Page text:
|M.Sc Student||Ulka Simon|
|Subject||Upcycling of Chemical Waste Containing Linear|
in Cementitious Systems
|Department||Department of Civil and Environmental Engineering||Supervisors||ASSOCIATE PROF. Konstantin Kovler|
|ASSOCIATE PROF. Charles E. Diesendruck|
|Full Thesis text|
For the production of each ton of the commonly used linear alkylbenzene sulfonate (LABS), 3 kg of highly acidic, chemical waste (LABSW) are produced. This hazardous waste has to be purified and incinerated in an emission heavy and expensive process and no possibility for recycling has been found to date. LABSW contains large quantities of LABS, which has been suggested in the past as a possible admixture to cementitious systems. LABS is similar to other known admixtures and, as such, can have plasticizing, air entraining and in addition corrosion inhibiting properties. However, due to uncertain environmental and financial feasibility LABS has not been studied further. LABSW on the other hand, as a waste, can be considered a candidate for admixture production, as the high environmental and financial cost of its disposal justifies treatment and further application.
The goal of this thesis was, to study the possibility of turning LABSW into a feasible admixture for cementitious systems as an air-entraining admixture (AEA), improving rheological behaviour of the fresh mix, entraining additional air, while still reaching appropriate levels of compressive strength. For this purpose waste samples were studied, identified and neutralized using four different neutralization agents: (a) NaOH, (b) Ca(OH)2, (c) CaCO3 and (d) Fe2O3. The resulting non-water soluble admixtures were dry-milled at different dosages with Portland Cement (PC) for preparation of binders with incorporated admixtures. Subsequently, these binders were tested in regards to their rheology, kinetics of hydration, porosity and strength to evaluate the impact of the processed LABSW admixtures on the cementitious system.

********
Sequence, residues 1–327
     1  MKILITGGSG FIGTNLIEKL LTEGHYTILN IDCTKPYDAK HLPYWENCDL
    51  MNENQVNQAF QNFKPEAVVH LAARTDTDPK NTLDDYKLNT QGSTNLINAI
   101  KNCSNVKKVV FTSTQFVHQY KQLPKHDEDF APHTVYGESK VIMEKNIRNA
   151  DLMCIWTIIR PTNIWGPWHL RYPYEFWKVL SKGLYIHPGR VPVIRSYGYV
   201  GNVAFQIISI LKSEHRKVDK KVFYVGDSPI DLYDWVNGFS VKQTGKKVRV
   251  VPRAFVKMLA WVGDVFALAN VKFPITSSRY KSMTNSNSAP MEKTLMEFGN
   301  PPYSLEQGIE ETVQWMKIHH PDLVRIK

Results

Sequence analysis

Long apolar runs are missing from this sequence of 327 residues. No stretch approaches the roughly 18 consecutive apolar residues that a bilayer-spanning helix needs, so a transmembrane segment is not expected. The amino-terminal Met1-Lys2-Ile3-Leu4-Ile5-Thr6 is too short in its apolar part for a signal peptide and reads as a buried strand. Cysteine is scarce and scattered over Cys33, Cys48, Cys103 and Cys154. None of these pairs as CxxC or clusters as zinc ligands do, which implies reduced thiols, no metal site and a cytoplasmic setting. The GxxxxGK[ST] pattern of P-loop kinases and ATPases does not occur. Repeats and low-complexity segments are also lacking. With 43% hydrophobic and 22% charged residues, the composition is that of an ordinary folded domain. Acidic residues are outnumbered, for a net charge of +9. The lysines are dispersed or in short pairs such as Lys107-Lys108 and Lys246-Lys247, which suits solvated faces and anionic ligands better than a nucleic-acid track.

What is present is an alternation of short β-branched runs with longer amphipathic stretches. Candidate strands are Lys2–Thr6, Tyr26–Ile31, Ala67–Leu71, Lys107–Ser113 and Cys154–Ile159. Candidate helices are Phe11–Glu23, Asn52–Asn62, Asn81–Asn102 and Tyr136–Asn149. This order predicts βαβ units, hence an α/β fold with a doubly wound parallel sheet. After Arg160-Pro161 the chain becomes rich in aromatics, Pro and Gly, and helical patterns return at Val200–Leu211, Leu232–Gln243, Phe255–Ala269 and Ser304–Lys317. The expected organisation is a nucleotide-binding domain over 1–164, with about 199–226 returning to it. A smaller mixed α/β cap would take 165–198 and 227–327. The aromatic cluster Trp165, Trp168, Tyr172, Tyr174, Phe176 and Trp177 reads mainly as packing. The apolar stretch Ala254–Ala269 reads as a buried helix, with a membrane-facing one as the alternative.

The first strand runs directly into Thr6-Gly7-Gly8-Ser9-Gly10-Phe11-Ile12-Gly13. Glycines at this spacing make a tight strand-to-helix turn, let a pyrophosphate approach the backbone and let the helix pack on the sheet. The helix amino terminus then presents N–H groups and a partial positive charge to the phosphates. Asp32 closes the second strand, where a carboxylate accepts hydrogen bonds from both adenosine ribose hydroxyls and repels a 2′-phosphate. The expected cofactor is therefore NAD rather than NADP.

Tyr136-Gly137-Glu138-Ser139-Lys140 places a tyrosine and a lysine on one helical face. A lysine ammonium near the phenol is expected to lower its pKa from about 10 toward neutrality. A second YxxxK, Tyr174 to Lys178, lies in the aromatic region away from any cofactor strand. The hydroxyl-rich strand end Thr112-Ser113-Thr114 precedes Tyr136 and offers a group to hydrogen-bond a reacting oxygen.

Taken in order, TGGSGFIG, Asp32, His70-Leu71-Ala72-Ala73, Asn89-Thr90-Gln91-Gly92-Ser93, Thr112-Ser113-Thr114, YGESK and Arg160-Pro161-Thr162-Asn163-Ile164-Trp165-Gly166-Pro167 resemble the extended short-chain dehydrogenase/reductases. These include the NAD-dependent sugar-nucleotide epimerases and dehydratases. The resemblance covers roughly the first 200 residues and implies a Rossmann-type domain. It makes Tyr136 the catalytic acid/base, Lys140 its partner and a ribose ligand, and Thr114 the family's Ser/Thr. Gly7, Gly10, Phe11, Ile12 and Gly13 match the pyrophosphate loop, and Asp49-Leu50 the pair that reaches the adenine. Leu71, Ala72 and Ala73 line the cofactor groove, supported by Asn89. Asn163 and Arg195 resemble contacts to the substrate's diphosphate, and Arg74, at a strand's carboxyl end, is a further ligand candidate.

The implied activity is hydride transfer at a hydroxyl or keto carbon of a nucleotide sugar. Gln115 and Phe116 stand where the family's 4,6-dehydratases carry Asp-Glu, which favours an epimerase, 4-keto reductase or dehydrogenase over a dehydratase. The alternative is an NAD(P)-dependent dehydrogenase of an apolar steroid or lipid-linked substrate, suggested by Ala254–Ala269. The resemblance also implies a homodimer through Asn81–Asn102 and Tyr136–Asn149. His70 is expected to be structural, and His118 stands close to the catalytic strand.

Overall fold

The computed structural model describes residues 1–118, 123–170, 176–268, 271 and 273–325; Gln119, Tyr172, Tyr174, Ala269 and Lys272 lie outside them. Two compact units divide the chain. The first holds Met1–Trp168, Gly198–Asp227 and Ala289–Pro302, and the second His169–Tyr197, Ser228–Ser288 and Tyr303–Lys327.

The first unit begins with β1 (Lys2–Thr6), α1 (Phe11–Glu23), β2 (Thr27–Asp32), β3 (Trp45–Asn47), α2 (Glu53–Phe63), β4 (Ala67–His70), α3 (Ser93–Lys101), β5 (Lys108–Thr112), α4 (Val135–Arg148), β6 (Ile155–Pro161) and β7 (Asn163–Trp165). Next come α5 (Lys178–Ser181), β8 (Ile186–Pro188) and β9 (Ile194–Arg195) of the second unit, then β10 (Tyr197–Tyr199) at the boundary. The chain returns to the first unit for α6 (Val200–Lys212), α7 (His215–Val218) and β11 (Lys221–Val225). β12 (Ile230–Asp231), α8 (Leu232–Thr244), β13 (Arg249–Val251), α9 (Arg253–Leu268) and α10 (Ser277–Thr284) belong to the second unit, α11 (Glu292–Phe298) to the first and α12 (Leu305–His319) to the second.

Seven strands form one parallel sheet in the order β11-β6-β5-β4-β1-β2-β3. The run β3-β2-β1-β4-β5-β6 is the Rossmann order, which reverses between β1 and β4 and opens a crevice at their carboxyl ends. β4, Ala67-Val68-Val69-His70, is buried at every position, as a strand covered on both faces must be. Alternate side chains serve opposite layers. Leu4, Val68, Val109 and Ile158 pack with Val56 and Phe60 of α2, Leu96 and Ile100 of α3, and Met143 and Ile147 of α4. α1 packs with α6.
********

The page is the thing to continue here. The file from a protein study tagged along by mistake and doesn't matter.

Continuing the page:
The results show that in contrast to commercial admixtures, the properties of the cementitious system change non-proportionally with the dosage of the LABSW-based admixtures. All tested admixtures caused a plasticizing effect starting beyond 0.5% except the Ca-based one, which starts at 1% addition. In terms of hydration, all admixtures accelerated hydration at dosages below 0.5% and retarded at quantities beyond. The air-entraining properties changed non-proportionally with a high increase in porosity of 10-15% at low dosages (0.25%). The addition of 1% only marginally increased porosity by 1 - 3 %. Beyond this dosage, the porosity increased greatly once again. In terms of compressive strength, Na-LABSW showed the least reduction of all LABSW-based admixtures at similar porosity levels.
Based on these results, the environmental feasibility of using LABSW-based admixtures was studied using the methodology of life-cycle assessment (LCA) to quantify the environmental impact in the categories of (a) global warming potential (GWP), (b) depletion of the ozone layer (OD) and (c) terrestrial and oceanic acidification (AP) in comparison to generic commercially available admixtures. The reduction in compressive strength at similar porosity levels turned out to be the most significant factor in establishing ecological feasibility due to the emission-heavy production of cement, which is required to offset the strength loss. The results of the LCA model show that LABSW-based admixtures are preferable over generic commercial ones that exhibit strength losses great than ~15% at similar porosities.